January 11, 2022
If you are lucky enough to work at a company that offers a 401(k), then you probably know that a certain amount of your income can be deferred pre-tax into a retirement account. While this is an awesome benefit, there are limits set by the IRS on what you can contribute. That limit changes annually but for 2022 is set at $20,500 with certain additional catch-up contributions allowed if you are over 50.
Traditional financial planning wisdom urges people to both save aggressively for retirement and also fully utilize all tax-advantaged accounts. But, even if you can max out your annual 401(k) contribution, should you?
In most cases: yes - max out that 401(k)!
Considering that almost half of Americans are not financially prepared for retirement, consciously saving more is a good thing, especially if that money is being put into a tax-advantaged account. 401(k)’s, particularly employer-matched plans, are an awesome resource to be able to tap into post-retirement. And while below we outline instances where you might not want to max out your 401 (k), in virtually every situation, you should contribute at least as much as your company will match.
There are sometimes compelling reasons not to max out your 401(k) - from needing to meet short-term needs to strategic long-term financial planning decisions. So what are some reasons why you shouldn’t max out your 401(k)?
If you have high-interest debt
Don’t squirrel away all of your money into retirement accounts if you have high-interest debt. You should always, always pay off high-interest debt, like credit card debt, before making any other money moves. After all, there is absolutely no investment opportunity that can guarantee you a 16% return - the average interest rate charged on credit card debt. If you don’t pay off your high interest debt, you may find yourself on the debt treadmill and have a hard time making forward progress towards achieving your financial goals.
If you have critical, short-term cash flow needs
There are times when your short-term cash needs supersede your ability to save. Unexpected expenses have a way of popping up at the most inopportune times. It’s best to have an emergency fund to cover these types of expenses in case, say, your furnace flames out. But if you don’t have an emergency fund, it is unwise to put money into your retirement accounts if it means you are going to miss your mortgage payments - or even put yourself at risk of missing your mortgage payments. This might mean not maxing out your 401(k), or it might mean not saving at all until you can get your personal finances better organized.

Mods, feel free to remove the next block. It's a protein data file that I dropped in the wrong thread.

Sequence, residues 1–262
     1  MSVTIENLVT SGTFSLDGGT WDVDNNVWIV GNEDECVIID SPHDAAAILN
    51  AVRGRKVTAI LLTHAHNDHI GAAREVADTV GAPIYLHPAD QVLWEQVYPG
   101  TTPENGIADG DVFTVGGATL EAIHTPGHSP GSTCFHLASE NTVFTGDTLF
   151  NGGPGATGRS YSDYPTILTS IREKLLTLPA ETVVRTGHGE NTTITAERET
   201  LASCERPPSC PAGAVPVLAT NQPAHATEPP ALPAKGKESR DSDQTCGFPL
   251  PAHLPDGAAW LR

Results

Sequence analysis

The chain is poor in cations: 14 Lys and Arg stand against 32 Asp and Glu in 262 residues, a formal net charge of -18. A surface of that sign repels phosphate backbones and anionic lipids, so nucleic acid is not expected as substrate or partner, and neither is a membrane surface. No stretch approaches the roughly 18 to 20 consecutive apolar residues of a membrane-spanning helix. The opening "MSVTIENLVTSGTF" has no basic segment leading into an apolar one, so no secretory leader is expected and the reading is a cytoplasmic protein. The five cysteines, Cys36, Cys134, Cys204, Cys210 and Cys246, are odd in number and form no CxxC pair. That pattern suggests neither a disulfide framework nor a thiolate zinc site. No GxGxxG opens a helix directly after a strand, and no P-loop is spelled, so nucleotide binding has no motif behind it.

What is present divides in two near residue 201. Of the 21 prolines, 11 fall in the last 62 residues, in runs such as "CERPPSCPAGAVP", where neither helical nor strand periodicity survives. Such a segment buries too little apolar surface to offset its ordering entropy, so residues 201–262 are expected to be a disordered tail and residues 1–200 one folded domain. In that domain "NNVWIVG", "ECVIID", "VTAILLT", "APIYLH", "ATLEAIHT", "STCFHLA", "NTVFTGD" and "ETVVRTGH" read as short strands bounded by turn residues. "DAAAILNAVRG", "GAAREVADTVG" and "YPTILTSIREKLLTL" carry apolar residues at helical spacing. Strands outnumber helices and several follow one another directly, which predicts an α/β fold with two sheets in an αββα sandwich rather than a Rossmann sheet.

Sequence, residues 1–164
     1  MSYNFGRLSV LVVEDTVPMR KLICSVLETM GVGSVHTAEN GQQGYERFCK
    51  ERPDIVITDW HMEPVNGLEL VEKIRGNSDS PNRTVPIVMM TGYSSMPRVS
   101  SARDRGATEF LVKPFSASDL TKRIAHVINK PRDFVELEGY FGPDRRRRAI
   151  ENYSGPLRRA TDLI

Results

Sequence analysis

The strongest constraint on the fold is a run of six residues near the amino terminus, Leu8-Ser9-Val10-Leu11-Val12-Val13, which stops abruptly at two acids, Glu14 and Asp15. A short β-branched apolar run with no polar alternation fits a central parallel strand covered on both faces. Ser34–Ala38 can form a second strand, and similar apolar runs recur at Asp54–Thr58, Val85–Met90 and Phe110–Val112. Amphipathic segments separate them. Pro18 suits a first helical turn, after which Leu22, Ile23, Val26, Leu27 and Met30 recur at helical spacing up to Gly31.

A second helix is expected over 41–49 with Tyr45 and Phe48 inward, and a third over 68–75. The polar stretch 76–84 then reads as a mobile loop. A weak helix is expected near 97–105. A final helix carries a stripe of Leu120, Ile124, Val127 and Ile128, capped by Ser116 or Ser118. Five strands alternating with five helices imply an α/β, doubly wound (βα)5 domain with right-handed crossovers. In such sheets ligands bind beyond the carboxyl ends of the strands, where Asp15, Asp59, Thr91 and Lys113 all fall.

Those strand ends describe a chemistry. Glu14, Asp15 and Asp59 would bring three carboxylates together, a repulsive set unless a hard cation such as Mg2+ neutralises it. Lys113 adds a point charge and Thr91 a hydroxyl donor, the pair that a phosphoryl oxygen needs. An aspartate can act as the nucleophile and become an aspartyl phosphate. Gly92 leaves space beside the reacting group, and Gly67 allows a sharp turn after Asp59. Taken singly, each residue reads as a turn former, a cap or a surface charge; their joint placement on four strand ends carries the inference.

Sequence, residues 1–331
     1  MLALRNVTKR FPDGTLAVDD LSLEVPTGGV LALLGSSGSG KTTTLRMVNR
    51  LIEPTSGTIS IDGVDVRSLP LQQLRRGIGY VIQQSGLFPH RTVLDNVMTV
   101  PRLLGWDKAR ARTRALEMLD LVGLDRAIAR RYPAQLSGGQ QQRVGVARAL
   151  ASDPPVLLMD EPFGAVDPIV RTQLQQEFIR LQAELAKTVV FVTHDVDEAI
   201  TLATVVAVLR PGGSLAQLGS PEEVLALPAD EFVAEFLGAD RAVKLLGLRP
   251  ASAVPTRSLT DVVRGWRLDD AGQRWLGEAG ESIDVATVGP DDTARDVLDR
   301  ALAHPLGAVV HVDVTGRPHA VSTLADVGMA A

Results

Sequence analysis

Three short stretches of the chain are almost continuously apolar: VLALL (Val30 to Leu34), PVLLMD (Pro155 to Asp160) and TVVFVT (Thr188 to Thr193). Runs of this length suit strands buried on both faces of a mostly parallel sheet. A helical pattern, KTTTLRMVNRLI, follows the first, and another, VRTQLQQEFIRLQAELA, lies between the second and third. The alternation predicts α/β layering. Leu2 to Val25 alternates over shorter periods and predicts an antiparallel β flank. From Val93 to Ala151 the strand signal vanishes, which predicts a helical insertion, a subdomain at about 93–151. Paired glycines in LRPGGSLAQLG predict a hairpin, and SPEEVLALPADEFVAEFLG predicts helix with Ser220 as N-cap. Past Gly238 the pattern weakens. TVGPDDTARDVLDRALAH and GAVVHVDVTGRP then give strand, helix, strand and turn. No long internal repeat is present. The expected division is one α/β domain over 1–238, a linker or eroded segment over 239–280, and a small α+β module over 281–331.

If you have short-term goals that require cash
While you need to strategically plan for your long-term goals, don’t forget about your short-term goals, too! While it’s always smart to be saving for the future, the benefit of a long-term goal is that you don’t have to hit it right away. For example, if you would like to buy a house, then maybe you are not maxing out your 401(k) while you save the money for a down payment. There are ways to borrow from your 401(k) penalty free, one exception being to buy a house, but make sure to do your research as the requirements can be strict.
If you are going to retire early
Other than for limited exceptions, you aren’t able to withdraw funds from your 401(k) penalty free until you are 59.5 years old. So, if you are planning to retire early, say, at 55 years old, you need to consider if you have enough savings to cover those 4.5 years you will go without income. If you are lucky enough to be eligible for early retirement or, worst case scenario, if you are forced into early retirement, then you need money in brokerage accounts that you can utilize penalty-free.
But, please, don’t miss the forest for the tree - unless you meet one of the requirements above, go ahead and do what you can to hit the limit on contributions for your 401(k). And, if there’s money left over, put it into your brokerage account - your future self will thank you!
Fortunately uses data to help people achieve their financial goals - providing simple answers to complex questions. Add your short-term and long-term goals into our tool to find out how much and when to contribute to your 401(k).
January 11, 2022